QuickAssist Technology to Accelerate

avatar February 7, 2015

intel

QuickAssist Technology to Accelerate

NGINX_logo_rgb-01

ABSTRACT

NGINX (pronounced, “engine-x”) is considered to be the fastest growing web server worldwide [1]. It is an open source project backed by commercial source branch, with pretty good software design (asynchronous single thread) and features (server, reverse proxy, load balancer, etc.). NGINX is both feature rich and powerful. It exhibits ease of use to the administrator, along with a better than average performance figures. In fact, there are many “switches”, “levers”, “slides” and “button” one can push and pull, to tune up and optimize server’s performance [2] to best fit a given platform. However, tuning NGINX operation it only half of optimization that can be implemented, for SSL crypto computation will always wait patiently around the corner to come and consume considerable CPU power; especially when it comes to asymmetric encryption, crypto key exchange or key signing. Looking further ahead, things will only get more serious, when SPDY will evolve to be the de-facto standard web protocol. Considerably larger portion of data will traversed encrypted through the net, and SSL handshakes and re-handshakes will be more and more ubiquitous.

Target audience of the test described herein are engineering teams, dealing with SSL accelerations for their implementation, or will soon get there. Lawful interception, intrusion detection, application delivery controllers, and most notably, Firewalls.

The reason NGINX was the server software of choice for the purpose of this test, is twofold. First, this is a user space application, of which operation on one hand, and constrains on the other, are relatively known and easy to convey. Second, it is native asynchronous design, with OpenSSL interface for HTTPS service. Thus, a quick integration to hardware crypto engine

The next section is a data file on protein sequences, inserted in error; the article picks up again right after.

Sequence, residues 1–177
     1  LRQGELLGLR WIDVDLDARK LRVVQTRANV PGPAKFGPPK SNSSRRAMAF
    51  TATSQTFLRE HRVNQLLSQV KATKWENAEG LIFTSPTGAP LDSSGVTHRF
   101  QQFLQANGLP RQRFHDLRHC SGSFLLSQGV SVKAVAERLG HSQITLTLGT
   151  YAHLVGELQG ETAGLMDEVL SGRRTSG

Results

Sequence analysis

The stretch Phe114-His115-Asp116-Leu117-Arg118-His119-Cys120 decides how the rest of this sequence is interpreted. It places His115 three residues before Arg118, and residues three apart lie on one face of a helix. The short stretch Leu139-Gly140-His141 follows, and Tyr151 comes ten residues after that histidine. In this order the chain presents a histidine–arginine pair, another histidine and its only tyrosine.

seems a very logical step to do. In short, we chose to demonstrate a user space application – exhibiting close to real life web traffic handling.

Keywords

NGINX; SSL Offload, Acceleration, SPDY, man-in- the-middle

INTRODUCTION

The primary goal of the benchmarks and tests described herein is to exhibit and demonstrate how NGINX HTTPS service is increased and optimized in performance, through the use of Intel® Coleto Creek 8955 acceleration chip set. The specific areas where an acceleration is expected are demonstrated. Finally, an analysis is reached regarding the measured capacity improvement, against the cost of acceleration and offload.
A “near real life” data of SSL acceleration options is required more and more, mainly among application vendors whose application is expected to massively deal with encryption, facing upcoming HTTP/2.0. Formerly considered an attack, “man-in-the-middle” increasingly becomes the mode of operation for more and more lawful interception operators.

TESTS CONSIDERATIONS

Apples and Oranges or Types of Tests
Most commonly, benchmark results of look-aside offload acceleration engines, are showing impressive results, under nominal and ideal tests scheme. For instance, testing close looped RSA primitive operations can give a clue of the nominal capability of the offload engine, but does not address other major concerns when opting for the use of encryption offload.

When choosing a car, it is not enough to ask what is
the engine’s torque, but it is important to understand in advance how many seats are in the car, what is the expected MPG, etc. In other words, other important concerns may be:

  • Power consumptions and mechanical envelope
  • Host memory constraints and consumption
  • Maximal number of SSL servers’ certificates that can be used
  • Maximal number of SSL client instances
  • Time and efforts for application integration
  • User space / Kernel space
  • How far is offload implementation from software-only implementation